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I love you….nearly as much as my phone

Smartphones? Good or bad for your love life?

“Darling you fulfil my life, you inspire me, you understand me, you make me feel alive, I don’t think I could live without you…oh right, yes you do too hun.” 

That is the conversation I think that must run in some people’s heads when you look at couples out for dinner with two phones between eyes instead of loving looks. Do people really love their phones as much if not more than their partners?

Do our phones damage our relationships or are they a saviour?

Do they bring us closer together or tear us apart?

Is there a new 21st century date night rulebook that we should abide to?

For me, the smartphone is a true gift and a curse. My husband and I both have to work away from home and at the touch of the button we can feel like we are at home loitering around the kitchen with Spotify on in the background, dog going crazy and standard teenage conversations going on as dinner is cooking, alas we don’t get to eat the food or have to deal with the teen dramas of the day (so there’s instant good and bad too) but are they really a good thing for relationships, especially with the person we wish to spend the rest of our lives with?

Here are my 8 top tips to smartphone love and I’d say I have a little bit of knowledge on this since me and my Hubby renewed our vows last year after 25 years together and 21 years of marriage, fear not, I will do my best not to get too lovey dovey in my ideas for you, just useful ideas for you;

Rules – If you have children it’s highly like you have a “no phones at the dinner table” policy. Why? Because you want to engage in conversation and feel connected to them. Here’s the thing the same applies to every conversation, not just loved ones. If you’re in a business meeting and you look at your phone instead of making eye contact, the person speaking can feel disrespected and unappreciated. This is not just about your sweet heart’s love this is about your professional success too. Give it a try – in one meeting keep your phone out and give the polite “I’m listening to you, I just need to reply to this too” kind of comment that people give, then try the deliberate action of putting your phone out of reach and ensuring people know you have no intention of looking at it. This action sends a clear message that the people in this room are very important. If you believe you will have no choice but to look at your phone (because this does happen on a big day at work, or with poorly family member) then ensure you politely say before the meeting starts that you may need to take a call it’s urgent, and you greatly apologise for any inconvenience it may cause. Phones can be a source of connection or disassociation when their power is used inappropriately.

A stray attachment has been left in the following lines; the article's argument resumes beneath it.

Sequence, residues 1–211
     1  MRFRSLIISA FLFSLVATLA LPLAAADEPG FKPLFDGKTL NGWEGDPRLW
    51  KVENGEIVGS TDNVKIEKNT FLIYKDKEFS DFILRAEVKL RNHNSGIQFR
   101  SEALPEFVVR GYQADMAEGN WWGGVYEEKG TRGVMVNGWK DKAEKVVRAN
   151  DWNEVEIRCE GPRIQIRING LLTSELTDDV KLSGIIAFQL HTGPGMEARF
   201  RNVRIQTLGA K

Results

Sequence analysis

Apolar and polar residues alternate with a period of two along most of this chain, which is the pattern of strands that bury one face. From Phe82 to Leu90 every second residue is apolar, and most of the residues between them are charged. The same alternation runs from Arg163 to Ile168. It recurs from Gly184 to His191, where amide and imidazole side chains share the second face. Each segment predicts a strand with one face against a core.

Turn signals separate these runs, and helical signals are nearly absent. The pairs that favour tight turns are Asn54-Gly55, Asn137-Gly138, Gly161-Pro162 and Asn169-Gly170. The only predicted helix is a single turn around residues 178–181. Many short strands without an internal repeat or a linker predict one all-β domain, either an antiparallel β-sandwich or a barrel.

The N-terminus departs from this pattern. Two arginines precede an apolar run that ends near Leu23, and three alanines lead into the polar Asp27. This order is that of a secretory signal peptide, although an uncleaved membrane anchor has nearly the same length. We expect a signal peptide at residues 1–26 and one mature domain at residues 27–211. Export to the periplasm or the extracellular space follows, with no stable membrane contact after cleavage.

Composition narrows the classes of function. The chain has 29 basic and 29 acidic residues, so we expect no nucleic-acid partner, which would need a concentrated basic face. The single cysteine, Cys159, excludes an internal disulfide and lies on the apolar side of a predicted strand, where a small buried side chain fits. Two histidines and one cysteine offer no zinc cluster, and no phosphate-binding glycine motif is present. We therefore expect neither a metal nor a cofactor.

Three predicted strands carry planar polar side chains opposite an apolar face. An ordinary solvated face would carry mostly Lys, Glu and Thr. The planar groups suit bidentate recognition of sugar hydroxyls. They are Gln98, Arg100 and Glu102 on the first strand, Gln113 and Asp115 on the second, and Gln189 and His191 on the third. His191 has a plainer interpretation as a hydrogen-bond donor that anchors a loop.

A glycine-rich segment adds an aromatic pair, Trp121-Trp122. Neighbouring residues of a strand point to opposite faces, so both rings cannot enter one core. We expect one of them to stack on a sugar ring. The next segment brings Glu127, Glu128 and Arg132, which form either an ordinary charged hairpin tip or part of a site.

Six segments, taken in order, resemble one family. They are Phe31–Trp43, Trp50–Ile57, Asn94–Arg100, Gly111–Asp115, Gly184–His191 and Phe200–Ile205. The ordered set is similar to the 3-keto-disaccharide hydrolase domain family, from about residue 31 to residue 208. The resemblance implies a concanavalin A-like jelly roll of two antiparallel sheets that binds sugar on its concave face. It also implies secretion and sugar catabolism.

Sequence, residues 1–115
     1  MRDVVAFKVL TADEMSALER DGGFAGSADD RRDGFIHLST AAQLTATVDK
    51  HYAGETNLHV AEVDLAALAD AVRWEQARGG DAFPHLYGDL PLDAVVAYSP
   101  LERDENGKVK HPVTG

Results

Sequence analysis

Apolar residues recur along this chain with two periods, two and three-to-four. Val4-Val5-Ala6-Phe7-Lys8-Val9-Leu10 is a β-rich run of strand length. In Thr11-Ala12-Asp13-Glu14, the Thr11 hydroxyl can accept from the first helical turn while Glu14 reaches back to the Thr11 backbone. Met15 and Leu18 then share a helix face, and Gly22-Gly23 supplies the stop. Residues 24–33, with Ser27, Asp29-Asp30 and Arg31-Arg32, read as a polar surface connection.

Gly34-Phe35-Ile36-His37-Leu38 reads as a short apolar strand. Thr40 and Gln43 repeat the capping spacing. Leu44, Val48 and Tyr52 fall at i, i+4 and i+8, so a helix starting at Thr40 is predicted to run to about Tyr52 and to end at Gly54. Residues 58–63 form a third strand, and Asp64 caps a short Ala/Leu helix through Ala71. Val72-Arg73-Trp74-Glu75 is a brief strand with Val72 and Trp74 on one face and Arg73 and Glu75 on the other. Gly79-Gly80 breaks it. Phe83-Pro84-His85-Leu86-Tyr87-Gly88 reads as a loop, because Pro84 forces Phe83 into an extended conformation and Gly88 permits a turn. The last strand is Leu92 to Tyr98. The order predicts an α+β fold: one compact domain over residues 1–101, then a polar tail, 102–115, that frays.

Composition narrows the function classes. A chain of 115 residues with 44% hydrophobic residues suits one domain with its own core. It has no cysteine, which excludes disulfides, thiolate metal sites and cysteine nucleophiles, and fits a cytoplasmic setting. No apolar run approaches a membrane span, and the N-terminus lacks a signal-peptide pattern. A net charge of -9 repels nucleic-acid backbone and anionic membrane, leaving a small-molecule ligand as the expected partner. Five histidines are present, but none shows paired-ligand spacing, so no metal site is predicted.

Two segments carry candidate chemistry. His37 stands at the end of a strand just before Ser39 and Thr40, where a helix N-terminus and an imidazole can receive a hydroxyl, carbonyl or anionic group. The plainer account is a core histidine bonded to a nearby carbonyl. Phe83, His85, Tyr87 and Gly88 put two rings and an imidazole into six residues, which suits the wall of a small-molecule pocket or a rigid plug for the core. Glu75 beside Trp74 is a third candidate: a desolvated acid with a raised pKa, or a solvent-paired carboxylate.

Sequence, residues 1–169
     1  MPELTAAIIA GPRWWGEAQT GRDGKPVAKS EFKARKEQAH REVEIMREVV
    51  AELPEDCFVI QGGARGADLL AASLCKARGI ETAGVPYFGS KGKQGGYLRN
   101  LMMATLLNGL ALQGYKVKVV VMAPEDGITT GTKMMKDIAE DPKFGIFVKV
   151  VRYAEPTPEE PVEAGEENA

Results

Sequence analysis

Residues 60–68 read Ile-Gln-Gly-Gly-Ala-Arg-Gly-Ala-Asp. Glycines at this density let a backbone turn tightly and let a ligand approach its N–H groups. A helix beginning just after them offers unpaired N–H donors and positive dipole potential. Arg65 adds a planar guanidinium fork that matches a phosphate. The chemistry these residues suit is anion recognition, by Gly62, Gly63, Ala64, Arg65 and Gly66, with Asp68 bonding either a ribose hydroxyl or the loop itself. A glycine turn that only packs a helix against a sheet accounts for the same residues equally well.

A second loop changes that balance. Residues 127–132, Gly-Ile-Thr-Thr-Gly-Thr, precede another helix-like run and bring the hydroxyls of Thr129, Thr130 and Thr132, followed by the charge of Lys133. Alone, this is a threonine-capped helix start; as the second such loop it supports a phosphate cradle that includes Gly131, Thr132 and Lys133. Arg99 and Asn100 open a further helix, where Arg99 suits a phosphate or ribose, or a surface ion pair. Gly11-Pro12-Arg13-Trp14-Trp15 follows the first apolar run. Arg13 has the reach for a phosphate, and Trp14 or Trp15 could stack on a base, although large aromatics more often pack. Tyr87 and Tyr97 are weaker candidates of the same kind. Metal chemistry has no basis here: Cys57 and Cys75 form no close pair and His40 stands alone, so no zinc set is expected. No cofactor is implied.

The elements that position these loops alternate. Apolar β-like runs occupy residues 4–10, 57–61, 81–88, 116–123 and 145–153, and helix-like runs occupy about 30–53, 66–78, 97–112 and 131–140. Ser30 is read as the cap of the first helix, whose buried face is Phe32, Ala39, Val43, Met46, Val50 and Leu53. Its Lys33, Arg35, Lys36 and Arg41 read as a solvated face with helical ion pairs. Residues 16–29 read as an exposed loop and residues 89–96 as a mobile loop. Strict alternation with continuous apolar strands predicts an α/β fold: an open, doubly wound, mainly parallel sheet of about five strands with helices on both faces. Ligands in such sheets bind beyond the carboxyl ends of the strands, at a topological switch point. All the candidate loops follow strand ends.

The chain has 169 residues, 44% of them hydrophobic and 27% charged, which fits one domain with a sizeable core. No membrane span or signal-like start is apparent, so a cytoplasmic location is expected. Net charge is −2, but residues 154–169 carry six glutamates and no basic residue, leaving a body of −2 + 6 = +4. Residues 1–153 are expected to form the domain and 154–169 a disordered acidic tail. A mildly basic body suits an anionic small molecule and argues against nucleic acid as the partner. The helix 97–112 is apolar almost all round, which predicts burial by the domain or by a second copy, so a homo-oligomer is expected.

Dump the rules – make up your mind Mandie you just said have rules! When you have rules with Teenagers do they abide by them all? Possibly not, because it’s the age where we really start to test the boundaries (well that and 2-year olds – there’s a reason why it’s called the terrible twos!) By bringing rules to the table you are enforcing a way of acting. If you push against a person’s hand with your hand invariable they will push back. Instead of bringing rules in if you help those that you love and wish to respect a way of acting that is good for everyone then they are far more likely to naturally abide by it because they feel the same that this is what they want.

Don’t judge – I actually don’t overly mind seeing people on their phones over a meal out. I am not them and they are not me. I don’t know how their day has been. I don’t know what they are going through. For some people flicking through social media or the news or their favourite sports is a way of unwinding, so if their night out starts with 20 minutes scrolling so that the conversation is relaxed who am I to judge?

Pick up your phone – Bit of an oxymoron right? You could find that picking up your phone when you get home is a good thing so that you take out your frustration of the day, you process what happened subconsciously without offloading on your partner and then creating a negative atmosphere to your evening. However, make sure it’s clear to your partner that you just need “20 minutes” and explain why. Ie “It’s been one hell of a day, and I just need 20 minutes to let my brain become unfried, do you mind darling?”